$25m fund sparks off bright ideas

SEA Games champion Saiyidah Aisyah is keen to suggest ideas gleaned from her recent training stint in Japan, such as a land-rowing machine which can predict actual performances on the water.

SINGAPORE - The carrot of a $25 million "ideas fund" - announced by Acting Minister for Culture, Community and Youth Lawrence Wong in Parliament on Tuesday - has prompted national sports associations (NSAs) to come up with new game plans to reinvigorate their sport.

The Singapore Rugby Union, for instance, is looking to tap the fund in two areas - to improve performances on the playing field and develop a sustainable international-level event.

Its president Low Teo Ping told The Straits Times yesterday: "I think this is a tremendous boost for NSAs in terms of thinking outside the box and working towards sports excellence.

"One area we are looking at is pioneering certain technologies to improve the performance of our athletes, such as global positioning system tracking for sports and exercise science, which tracks a player's fitness levels during a match.

"Another area will be to develop a global rugby competition, which we can call our own. We want to bring international rugby to the local scene which will help develop the sport in Singapore and also in the region."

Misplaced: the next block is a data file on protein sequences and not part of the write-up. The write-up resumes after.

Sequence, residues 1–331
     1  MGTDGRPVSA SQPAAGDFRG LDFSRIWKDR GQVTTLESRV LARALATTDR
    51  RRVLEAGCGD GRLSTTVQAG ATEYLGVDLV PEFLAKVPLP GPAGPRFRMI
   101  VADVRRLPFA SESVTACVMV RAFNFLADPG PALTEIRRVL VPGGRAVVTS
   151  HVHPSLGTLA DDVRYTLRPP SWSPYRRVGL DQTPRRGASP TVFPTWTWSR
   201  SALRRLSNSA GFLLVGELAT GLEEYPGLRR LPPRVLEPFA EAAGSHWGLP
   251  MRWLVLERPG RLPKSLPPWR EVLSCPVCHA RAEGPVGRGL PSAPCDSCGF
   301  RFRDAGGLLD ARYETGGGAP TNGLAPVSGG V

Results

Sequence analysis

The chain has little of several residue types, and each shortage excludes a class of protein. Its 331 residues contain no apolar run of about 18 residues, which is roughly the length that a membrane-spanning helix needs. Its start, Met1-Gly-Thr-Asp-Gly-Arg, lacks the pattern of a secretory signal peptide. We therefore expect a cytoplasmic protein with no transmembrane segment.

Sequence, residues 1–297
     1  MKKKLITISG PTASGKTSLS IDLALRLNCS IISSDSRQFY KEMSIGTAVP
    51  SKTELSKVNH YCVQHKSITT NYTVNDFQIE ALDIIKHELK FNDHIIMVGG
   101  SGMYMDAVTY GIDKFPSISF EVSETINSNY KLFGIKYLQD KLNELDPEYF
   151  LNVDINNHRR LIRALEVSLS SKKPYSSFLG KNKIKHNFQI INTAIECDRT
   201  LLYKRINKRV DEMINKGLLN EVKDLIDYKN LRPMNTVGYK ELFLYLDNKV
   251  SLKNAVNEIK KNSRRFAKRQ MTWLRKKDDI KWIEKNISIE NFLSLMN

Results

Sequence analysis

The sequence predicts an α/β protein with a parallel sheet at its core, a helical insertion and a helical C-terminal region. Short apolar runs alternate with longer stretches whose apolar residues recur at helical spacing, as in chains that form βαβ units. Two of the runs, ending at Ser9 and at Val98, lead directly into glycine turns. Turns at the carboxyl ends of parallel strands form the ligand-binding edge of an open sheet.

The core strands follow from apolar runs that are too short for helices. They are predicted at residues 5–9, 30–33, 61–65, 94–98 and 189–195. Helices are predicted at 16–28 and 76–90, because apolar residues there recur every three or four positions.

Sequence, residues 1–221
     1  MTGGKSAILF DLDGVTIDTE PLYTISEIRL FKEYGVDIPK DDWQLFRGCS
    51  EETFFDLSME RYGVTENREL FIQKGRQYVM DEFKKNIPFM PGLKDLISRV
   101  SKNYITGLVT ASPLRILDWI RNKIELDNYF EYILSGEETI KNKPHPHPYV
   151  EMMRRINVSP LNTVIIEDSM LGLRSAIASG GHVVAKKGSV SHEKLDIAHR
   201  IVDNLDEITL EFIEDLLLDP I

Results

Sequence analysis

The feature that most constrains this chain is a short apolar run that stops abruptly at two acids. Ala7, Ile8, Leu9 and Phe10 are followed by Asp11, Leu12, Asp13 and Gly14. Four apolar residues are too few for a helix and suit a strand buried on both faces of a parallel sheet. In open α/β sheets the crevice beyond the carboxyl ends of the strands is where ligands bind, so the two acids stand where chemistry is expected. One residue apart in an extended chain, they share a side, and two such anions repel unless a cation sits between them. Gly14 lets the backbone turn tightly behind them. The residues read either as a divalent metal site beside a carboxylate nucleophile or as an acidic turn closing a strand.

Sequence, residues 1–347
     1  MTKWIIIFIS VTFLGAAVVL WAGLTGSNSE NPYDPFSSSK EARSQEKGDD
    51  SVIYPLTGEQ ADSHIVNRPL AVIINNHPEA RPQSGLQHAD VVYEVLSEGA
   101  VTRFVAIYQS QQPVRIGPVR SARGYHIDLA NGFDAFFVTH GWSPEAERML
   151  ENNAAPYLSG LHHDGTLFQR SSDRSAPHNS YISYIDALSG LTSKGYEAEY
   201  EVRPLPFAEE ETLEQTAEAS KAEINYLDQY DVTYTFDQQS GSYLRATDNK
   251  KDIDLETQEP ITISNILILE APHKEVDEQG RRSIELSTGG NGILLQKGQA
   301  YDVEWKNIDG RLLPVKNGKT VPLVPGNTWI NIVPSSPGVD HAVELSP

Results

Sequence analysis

The $25 million, which will be spread over the next five years, is separate from the annual grant that the NSAs get each year.

The Singapore Sports Council (SSC) declined to reveal specific guidelines but said that more details will be released next week.

According to the SSC website, there are 64 NSAs. The Straits Times understands that the SSC is briefing them on what an innovative programme entails.

It is believed that hosting an existing world event would not fall under this category.

But creating a regional junior tournament to blood young talent will score brownie points.

Singapore Floorball Association (SFA) president Sani Mohd Salim said his team is looking at holding coaching seminars when the country hosts the World University Floorball Championships from June 18 to 22.

"While there is no confirmation that floorball will be at next year's SEA Games, we intend to bring coaches and officials from around the region here for coaching seminars, in order to develop the sport," he added.

"We also want to organise a South-east Asian floorball championships at the end of the year."

National athletes welcome the opportunity given to the NSAs to do more.

Said rower Saiyidah Aisyah, who won a SEA Games gold in Myanmar last year and trained with members of the Kyoto University Rowing Club during a recent trip to Japan: "I'm keen on providing ideas and giving suggestions.

"I learnt a lot during my stint in Japan, ideas which could be implemented here in the Singapore rowing scene.

"For example, there is a machine in Japan which is able to predict how we will perform on water based on land exercises."


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